I was in Khartoum a couple of weeks ago. A sweltering heat of over 40 degrees welcomed us as we descended the gangway from a matatu-like Kenya Airways flight from Nairobi. I was not in town to help the ICC arrest Sudan’s indicted President, General Hassan Al Bashir, who travels to carefully selected friendly countries these days as an IDP (internally displaced person) giving a new Presidential meaning to those initials (in his new role as an Internationally Displaced President) taunting the ICC to get him if they can. We will know how brave he is and how much braver Zuma’s South Africa will be should Al Bashir decide to go for his inauguration this Saturday!
Even if I had any delusions that I could become stupidly rich or win a Nobel Peace Prize, or both, for cornering General Bashir on his own turf, the thought soon evaporated because the President was away in a ‘friendly’ non-ICC compliant Ethiopia. The previous weeks he had been in another friendly country with whom his Addis new best friends do not talk, Eritrea. It is obvious that while the ICC sees Bashir as a villain, his neighbours see him as a bridge (to where do not ask me!), proving yet again that ‘one man’s terrorist’ could well be another man’s good friend, or even freedom fighter.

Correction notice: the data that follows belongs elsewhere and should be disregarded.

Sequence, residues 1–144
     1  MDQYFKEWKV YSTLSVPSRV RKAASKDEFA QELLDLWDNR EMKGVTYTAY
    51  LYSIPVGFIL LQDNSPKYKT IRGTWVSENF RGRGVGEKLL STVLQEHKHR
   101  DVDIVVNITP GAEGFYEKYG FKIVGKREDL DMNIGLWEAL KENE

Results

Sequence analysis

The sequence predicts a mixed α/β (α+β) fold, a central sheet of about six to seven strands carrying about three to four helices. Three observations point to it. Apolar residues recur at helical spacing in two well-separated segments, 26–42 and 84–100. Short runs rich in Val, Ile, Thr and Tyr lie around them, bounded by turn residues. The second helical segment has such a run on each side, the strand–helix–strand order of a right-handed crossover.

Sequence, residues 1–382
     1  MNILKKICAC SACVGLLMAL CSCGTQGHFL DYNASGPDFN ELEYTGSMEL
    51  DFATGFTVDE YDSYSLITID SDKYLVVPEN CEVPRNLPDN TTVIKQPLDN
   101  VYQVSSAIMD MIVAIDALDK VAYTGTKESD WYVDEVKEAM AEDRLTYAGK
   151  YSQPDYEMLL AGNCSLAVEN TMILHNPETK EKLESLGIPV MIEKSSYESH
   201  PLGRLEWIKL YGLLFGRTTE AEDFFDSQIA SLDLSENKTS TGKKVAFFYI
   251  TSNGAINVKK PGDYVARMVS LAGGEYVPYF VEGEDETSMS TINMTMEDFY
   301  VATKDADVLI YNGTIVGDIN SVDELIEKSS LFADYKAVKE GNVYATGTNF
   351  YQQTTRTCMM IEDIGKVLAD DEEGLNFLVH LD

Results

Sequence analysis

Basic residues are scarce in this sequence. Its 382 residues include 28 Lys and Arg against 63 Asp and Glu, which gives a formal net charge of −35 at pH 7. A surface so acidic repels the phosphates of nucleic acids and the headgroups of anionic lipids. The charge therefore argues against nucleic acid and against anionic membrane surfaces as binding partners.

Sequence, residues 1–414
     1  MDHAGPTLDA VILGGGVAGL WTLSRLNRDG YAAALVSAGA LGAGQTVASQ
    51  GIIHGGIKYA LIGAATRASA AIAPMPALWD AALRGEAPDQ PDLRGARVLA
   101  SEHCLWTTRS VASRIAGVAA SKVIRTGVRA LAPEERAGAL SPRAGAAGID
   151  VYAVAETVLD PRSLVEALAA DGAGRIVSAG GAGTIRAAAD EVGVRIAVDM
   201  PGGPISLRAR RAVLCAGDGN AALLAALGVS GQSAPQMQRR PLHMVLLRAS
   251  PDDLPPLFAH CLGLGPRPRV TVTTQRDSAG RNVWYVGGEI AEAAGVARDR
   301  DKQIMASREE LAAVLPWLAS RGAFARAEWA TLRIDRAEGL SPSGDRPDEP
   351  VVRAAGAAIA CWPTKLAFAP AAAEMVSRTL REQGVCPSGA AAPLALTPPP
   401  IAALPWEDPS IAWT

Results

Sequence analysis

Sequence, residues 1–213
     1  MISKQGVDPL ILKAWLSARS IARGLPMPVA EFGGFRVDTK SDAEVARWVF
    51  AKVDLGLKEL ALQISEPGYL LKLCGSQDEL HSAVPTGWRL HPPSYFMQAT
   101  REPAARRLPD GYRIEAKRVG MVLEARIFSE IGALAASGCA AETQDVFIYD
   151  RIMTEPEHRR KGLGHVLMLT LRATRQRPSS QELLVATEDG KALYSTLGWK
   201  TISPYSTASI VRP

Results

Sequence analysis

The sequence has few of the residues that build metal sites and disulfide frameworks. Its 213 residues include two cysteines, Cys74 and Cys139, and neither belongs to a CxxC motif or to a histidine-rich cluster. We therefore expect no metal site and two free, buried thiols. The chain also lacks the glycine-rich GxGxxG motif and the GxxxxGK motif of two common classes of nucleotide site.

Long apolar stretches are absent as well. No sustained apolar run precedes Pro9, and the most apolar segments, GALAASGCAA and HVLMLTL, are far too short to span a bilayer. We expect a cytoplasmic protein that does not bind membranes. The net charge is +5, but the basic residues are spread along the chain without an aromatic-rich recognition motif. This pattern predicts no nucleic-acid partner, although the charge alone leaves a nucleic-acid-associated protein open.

Needless to say, none of the countries the Sudanese President had ‘defiantly’ visited so far has ratified the ICC. The true test of his ‘defiance’ will be for him to go to a country that has ratified the ICC treaty.
I am one of those who actually believe that General Bashir’s regime and his cohorts are guilty of many of the charges against them and should face justice, but I am also not persuaded that the ICC approach is the best course for now. The ICC is not about justice, but the triumph of politics without principle at the international level. It denigrates international law and wins support for dictators because of its selective nature.
How can the US, which has refused to sign up to the ICC, be one of those states that used their undemocratic powers and privilege in the Security Council to secure Bashir’s indictment? The ICC will gain universal credibility the day it indicts Former President George W. Bush and his British poodle and former Prime Minister, Tony Blair and their generals for illegally waging a war of aggression against another country based on lies and disregard for international law and the UN, killing and maiming millions of innocent Iraqis and Afghans. It would be perceived as a credible / neutral arbiter for injured parties when it indicts Israeli generals and politicians for deliberately targeting and killing civilians and destroying civilian property and facilities, including refugee camps and UN buildings in Palestine. Until then the ICC will always be perceived as an instrument for Western Vendetta.